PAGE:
Behavioural Insights – the Road to ‘Better’ Policies?

Michael Hallsworth recently visited the Hertie School to talk about the work of the Behavioural Insights Team in London – one of the few organizations worldwide that apply behavioural science research to policy-making. One of The Governance Post’s Executive Editors, Caro Reiner met with Hallsworth to interview him about the philosophy of behavioural insights and shed light upon some of the controversy surrounding it.

Let us start off with the 101 of behavioural insights: If you had to explain to your grandmother what ‘behavioural insights’ is and what it does, what would you say?

 Hallsworth: Behavioural insights is about understanding how people actually behave in practice, in the real world, as opposed to how policy-makers assume people would behave. For many years, we have made policy using a model drawn from economics that is flawed and which ignores many drivers that determine how people act in the real world.

In the media, the Behavioural Insights Team (BIT) has repeatedly been dubbed the ‘nudge unit’. This was often countered as not being an accurate description for what you actually do – how so?

Hallsworth: A nudge is just one particular application of behavioural sciences. More specifically, a nudge is about preserving choice but also changing the way that choices are presented. They are an important part of what we do, but are not the only part. We take a broader view, and look at how any kind of policy instrument or tool can be improved by the use of findings from the behavioural sciences. Instead of saying “what is the alternative to legislation?” we might ask what the best way to construct legislation is, in order to ensure the impact we intend to have.

Altering the way choices are presented to people, or simply ‘choice architecture’, is an essential part of your work. From this standpoint, how would you respond to people arguing that applying behavioural insights, and ultimately influencing the choices people make, is freedom limiting?

Hallsworth: There are many ways to apply behavioural insights. People do not realise that sometimes. One way, for instance, is to help people make better plans, or to help people follow through on their intentions more. One example that we can point to from the behavioural science literature are so-called ‘implementation intentions’, meaning that if people are made aware of these and use them, it has been shown that these people achieve their goals better. That is not freedom restricting, on the contrary, it is enhancing freedom. Critics often focus on particular aspects and neglect the fact that behavioural insights is actually a much broader approach with many applications, which in the end increases autonomy, rather than reducing it.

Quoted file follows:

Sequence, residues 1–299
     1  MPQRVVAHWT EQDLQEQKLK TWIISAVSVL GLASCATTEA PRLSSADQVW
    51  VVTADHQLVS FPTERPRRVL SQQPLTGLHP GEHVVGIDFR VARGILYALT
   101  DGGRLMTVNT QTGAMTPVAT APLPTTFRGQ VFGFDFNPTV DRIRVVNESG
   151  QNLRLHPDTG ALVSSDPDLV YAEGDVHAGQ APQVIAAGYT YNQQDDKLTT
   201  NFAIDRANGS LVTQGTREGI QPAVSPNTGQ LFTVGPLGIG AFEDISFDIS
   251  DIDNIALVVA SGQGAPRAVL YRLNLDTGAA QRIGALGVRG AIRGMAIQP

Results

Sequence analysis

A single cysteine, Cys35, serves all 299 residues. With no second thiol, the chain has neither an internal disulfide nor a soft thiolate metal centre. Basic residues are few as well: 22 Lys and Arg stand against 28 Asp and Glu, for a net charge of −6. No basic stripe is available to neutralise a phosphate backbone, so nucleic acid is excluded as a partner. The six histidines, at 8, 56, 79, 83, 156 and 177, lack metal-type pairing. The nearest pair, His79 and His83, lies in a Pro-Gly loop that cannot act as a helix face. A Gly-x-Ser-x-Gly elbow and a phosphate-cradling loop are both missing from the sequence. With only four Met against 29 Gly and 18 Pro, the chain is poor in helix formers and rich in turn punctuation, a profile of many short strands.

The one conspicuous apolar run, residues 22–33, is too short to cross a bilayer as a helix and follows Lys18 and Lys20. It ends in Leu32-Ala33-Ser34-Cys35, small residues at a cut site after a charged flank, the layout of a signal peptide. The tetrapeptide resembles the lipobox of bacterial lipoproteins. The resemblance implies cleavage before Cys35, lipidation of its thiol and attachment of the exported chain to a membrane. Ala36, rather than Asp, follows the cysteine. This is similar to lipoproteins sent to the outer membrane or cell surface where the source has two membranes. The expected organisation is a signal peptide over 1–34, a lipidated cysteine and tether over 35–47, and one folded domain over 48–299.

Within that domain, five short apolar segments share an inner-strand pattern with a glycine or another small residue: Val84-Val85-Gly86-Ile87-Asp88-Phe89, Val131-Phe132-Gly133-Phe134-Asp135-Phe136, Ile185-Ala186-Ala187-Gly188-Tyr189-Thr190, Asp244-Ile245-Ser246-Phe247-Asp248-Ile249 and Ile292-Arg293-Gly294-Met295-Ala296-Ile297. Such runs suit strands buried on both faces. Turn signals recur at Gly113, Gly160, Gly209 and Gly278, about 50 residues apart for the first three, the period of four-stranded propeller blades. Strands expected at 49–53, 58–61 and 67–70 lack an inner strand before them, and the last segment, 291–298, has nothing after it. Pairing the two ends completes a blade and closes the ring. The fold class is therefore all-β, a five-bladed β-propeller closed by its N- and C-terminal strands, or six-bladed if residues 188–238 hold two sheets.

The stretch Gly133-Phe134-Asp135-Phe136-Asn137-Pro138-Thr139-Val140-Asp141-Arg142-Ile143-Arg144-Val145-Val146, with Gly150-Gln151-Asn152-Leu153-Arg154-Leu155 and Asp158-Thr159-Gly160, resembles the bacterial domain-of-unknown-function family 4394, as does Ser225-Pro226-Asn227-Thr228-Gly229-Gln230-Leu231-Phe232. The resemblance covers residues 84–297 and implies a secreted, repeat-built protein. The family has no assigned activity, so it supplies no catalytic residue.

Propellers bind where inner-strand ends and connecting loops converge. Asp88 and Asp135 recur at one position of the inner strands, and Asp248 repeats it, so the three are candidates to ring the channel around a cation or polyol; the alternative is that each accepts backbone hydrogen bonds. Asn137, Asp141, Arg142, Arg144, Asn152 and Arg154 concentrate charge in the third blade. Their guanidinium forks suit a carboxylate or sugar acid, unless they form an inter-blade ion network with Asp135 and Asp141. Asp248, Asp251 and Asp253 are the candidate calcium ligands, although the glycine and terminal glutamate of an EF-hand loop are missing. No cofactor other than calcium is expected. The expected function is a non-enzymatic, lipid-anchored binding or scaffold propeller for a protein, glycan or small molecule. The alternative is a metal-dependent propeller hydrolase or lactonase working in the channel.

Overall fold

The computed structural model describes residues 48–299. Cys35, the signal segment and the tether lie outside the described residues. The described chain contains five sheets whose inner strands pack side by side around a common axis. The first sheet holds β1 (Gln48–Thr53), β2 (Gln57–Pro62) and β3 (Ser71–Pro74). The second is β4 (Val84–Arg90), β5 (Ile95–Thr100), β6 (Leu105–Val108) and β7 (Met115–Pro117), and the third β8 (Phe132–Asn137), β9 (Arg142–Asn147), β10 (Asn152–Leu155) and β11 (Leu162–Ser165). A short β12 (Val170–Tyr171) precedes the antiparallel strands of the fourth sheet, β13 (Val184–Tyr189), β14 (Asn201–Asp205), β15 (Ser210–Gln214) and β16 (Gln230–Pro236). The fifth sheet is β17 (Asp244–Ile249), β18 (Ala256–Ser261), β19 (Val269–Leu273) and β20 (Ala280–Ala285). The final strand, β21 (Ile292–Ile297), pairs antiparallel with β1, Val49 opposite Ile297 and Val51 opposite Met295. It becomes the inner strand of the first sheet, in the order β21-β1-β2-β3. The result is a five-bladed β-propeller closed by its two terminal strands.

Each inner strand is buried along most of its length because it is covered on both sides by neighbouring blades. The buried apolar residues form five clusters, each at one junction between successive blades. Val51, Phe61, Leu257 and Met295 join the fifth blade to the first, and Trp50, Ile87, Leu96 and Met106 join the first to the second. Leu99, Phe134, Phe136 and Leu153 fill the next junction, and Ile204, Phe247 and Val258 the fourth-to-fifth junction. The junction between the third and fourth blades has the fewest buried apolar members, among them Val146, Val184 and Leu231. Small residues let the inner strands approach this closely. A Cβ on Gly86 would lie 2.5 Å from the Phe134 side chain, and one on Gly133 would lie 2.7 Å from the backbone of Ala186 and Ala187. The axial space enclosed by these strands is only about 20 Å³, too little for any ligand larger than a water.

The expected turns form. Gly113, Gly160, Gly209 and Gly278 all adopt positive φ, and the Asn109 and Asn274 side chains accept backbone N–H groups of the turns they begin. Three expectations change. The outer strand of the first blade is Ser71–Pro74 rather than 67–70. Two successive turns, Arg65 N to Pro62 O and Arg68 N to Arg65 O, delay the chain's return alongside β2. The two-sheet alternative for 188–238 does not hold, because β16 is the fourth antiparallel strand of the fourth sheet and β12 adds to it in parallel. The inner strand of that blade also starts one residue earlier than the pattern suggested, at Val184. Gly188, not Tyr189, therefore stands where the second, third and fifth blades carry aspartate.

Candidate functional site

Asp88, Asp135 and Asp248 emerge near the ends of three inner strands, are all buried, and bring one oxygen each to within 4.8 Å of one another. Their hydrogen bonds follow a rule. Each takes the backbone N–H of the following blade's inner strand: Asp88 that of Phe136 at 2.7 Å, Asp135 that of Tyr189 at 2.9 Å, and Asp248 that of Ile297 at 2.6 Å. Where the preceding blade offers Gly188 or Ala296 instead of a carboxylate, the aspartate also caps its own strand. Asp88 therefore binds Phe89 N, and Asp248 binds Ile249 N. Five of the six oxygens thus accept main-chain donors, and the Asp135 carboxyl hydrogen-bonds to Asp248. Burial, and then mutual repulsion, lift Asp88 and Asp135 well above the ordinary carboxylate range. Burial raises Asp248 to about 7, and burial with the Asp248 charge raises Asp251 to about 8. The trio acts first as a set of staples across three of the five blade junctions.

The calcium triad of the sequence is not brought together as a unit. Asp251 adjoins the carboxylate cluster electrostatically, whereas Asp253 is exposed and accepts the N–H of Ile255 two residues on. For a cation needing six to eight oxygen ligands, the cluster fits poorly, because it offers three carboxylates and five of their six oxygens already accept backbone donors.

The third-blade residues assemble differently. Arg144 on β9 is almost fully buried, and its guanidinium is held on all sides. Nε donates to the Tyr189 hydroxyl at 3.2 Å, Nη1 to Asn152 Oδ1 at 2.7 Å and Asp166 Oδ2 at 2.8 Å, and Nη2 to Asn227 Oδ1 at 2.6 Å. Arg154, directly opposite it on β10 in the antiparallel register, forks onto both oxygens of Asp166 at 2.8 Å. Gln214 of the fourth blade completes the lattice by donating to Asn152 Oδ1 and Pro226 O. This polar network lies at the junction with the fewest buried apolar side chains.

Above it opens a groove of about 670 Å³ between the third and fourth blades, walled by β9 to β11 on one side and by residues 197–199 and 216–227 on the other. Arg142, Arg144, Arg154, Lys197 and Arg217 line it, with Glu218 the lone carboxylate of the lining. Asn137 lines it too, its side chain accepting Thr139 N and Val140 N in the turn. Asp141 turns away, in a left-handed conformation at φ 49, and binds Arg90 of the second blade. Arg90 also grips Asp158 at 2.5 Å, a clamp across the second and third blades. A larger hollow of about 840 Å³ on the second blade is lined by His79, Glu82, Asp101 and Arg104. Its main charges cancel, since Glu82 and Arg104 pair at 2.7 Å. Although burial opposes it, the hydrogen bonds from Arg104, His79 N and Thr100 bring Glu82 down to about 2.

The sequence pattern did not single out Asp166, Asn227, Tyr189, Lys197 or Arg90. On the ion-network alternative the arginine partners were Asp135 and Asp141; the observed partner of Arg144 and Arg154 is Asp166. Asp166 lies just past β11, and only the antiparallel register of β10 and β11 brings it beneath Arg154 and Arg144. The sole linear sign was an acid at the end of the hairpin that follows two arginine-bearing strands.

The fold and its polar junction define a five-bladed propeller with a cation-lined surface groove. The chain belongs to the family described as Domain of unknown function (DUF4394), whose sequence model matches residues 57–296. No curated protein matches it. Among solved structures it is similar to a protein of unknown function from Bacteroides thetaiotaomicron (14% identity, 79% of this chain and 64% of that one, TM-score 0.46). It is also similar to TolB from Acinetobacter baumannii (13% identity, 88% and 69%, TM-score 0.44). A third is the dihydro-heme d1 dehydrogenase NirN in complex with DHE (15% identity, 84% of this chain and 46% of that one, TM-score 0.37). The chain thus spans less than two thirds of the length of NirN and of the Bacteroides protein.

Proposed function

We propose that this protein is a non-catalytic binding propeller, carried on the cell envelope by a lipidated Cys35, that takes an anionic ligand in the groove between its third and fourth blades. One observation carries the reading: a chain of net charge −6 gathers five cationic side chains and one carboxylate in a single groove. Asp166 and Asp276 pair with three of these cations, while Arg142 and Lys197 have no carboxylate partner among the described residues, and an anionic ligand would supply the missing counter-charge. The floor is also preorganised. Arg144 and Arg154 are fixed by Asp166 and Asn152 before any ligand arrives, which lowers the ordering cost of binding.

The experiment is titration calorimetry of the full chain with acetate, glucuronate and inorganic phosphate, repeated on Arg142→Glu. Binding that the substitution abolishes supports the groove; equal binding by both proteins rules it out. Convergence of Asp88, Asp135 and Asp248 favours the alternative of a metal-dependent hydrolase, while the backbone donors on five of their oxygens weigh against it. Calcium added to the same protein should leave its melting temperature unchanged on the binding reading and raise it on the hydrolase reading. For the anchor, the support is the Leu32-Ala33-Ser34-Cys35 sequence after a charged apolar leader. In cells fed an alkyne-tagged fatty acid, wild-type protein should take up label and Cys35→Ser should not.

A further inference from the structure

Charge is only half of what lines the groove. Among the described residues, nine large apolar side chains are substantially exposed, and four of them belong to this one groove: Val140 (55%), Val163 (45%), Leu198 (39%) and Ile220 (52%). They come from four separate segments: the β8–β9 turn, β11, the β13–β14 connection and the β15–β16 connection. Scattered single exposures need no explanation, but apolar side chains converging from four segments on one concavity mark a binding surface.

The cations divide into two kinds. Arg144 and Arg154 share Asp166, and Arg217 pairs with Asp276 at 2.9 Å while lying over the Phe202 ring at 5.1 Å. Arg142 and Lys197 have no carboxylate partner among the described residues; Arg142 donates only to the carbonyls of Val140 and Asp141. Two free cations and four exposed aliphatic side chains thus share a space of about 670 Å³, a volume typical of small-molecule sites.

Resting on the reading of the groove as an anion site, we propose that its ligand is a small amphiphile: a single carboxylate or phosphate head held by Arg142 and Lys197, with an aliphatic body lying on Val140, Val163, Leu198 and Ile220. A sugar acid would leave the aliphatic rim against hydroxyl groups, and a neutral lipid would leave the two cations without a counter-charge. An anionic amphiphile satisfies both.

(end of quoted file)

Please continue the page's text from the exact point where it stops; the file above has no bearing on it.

The BIT usually designs interventions aimed at testing societal behaviour, occasionally however, you have also been ‘nudging’ the government – how does that look like and how do you implement it?

Hallsworth: Yes, I think there is a strong need for us to apply this thinking to the way government makes policy, rather than just thinking that government is great, while it is the public who should change what they are doing.

How can we do this? It can be difficult, especially coming from within government, and in particular when a lot of the initial drive behind our work is to address policy problems out there. Quite often there are instances where applying a behavioural perspective helps to at least identify the problems more precisely.

One issue in government – a common one – is that public officials want to spend their remaining budgets at the end of the financial year to get the same amount of money the following year – this is a strong default. I think there are a number of ways in which our understanding of what drives that behaviour is improved with behavioural insights allowing us to set up systems that can potentially prevent such wasteful behaviour from occurring. Those things are more precisely identifiable if you take a behavioural perspective to government. Yet, it is difficult to come up with solutions. We are still working on it. But I think that the self-reflective element in all this is extremely important.

Even within government you concern yourself not only with policies and their broader output, but increasingly also with their processes.

Hallsworth: Yes that is right. One thing we are looking at in particular is recruitment and reduction in recruitment biases. We have actually been involved in the development of a tool that can do this. Any public organization would be able to use this tool.

In Germany we recently got our own ‘nudge unit’ at the German chancellery, towards which public perception has not been very positive. A renowned newspaper’s headline read: “Psychologists in the chancellery”, suggesting that behavioural insights would be ‘manipulating’ the public. Do you encounter this type of distrust in the UK, too? How would you respond to people who use the word ‘manipulation’ and your work at the BIT in the same sentence?